The Marwari Horse, bred as it was in a harsh climate, is a hardy breed, capable of withstanding both intense heat and cold. It has great endurance and hard strong hoofs that rarely need to be shod. The Marwari Horse stands 14 to 17 hands tall and is an epitome of sheer equine beauty. It is elegantly proportioned, with a proud high head carried on a well-arched long neck, muscular shoulders and thighs, and round rumps. The Marwari Horse moves with a smooth, easy gait.

The Marwari has a long head with a broad forehead, wide-set large, and alert eyes, a roman nose with full nostrils, and a well-shaped mouth. The most distinctive feature of the Marwari Horse are its lyre-shaped ears, which curve inwards and meet at the tips. The medium sized ears, which are longer in Mares as compared to Stallions, are capable of rotating through an angle of 180 degrees and, apart from providing the horse with an extremely acute hearing, also protect it in sand-storms. The soft, glossy coat comes in a variety of colors, but the Piebalds, Skewbalds and black and white ones are the most in demand; the flat-chestnut colored ones are not pure Marwaris, having some European thoroughbred blood.

The Marwari, in recent years, is gaining a strong following both inside and outside India. The Marwari Horse is capable of adapting almost anywhere, and its undoubted beauty and courageous disposition along with the steadfast loyalty it shows towards its owners is making it very popular with horse enthusiasts. Today it is used for Polo Riding, for Horse Riding Safaris, in Marriage and Religious Ceremonies, and also in the Cavalry ranks of the Delhi Police, the Punjab Police, the President`s Bodyguards, and the Armed Forces of India.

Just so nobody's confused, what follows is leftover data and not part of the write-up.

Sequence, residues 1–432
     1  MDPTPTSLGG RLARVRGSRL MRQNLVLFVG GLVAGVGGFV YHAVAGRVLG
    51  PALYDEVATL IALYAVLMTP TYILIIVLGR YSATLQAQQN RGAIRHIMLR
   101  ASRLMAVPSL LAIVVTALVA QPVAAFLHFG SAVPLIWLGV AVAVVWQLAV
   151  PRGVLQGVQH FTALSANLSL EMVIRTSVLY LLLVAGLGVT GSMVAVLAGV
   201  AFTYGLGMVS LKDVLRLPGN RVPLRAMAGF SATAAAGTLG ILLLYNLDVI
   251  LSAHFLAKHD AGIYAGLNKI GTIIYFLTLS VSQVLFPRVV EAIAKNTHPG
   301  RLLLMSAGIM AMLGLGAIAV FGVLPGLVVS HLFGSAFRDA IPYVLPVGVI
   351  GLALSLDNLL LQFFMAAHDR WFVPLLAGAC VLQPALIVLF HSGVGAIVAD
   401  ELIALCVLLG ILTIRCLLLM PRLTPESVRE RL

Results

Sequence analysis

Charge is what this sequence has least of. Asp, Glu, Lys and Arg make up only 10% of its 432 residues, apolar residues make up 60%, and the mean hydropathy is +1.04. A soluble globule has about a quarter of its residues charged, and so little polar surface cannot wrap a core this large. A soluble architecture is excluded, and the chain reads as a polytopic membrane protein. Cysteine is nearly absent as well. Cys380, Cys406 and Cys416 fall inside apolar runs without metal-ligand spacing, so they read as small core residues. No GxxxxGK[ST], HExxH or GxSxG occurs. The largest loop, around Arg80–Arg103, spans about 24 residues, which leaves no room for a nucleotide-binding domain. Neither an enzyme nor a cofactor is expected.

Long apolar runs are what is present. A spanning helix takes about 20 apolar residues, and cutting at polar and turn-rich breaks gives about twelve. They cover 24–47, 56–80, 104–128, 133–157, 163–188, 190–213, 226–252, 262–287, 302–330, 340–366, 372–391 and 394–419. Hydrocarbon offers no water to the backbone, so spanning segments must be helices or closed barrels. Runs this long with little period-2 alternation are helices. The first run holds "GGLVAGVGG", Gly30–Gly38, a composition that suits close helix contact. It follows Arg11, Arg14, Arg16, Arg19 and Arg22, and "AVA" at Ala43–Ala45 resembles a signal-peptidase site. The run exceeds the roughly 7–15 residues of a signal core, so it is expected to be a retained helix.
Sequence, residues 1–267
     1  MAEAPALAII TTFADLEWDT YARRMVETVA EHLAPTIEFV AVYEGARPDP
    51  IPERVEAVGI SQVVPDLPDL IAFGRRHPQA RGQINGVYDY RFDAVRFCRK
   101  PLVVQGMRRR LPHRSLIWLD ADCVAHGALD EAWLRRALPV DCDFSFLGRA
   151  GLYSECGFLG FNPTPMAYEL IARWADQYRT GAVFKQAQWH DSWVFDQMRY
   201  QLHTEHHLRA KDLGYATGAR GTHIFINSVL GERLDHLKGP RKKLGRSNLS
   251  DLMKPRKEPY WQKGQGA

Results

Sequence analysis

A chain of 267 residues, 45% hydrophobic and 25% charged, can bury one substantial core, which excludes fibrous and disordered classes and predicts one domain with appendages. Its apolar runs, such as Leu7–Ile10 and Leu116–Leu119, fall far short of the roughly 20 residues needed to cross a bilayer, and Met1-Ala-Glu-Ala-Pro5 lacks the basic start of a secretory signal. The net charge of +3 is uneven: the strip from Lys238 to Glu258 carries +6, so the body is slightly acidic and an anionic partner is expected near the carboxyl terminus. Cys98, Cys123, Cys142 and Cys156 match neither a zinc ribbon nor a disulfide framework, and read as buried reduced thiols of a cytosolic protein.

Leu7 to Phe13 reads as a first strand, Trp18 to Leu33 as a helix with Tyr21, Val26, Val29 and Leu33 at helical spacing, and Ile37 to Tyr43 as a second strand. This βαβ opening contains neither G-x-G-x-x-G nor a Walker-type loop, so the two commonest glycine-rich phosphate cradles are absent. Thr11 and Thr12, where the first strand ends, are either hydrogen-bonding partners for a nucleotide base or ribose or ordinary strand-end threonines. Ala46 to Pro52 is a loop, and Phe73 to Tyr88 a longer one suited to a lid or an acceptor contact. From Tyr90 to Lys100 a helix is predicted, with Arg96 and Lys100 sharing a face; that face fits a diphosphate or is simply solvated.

Marwari Horses

The Marwari horse today is descended from the splendid war horses that served the ruling families and warriors of feudal India, throughout and from the beginning of that country`s history. Their status was unparalleled, as they were declared divine and superior to all men, including those of Royal blood. Accordingly, only the Rajput families and the Kshatriyas - warrior caste were permitted to mount these exalted animals.

Today the breed is once again achieving eminence after over a century of twilight status due to the Imperial presence of the British and further, the new Indian democracy.

The Marwari horse, as the most potent symbol of the warrior Kings somehow survived wholesale slaughter, castration and fearful ignorance during the troubled times preceding Independence and for several decades later. It is thanks to the surviving Rajput families and horse lovers from all communities that the resilient and beautiful Marwari has emerged from the shadows onto a bright and hopeful future and out of the threat of extinction.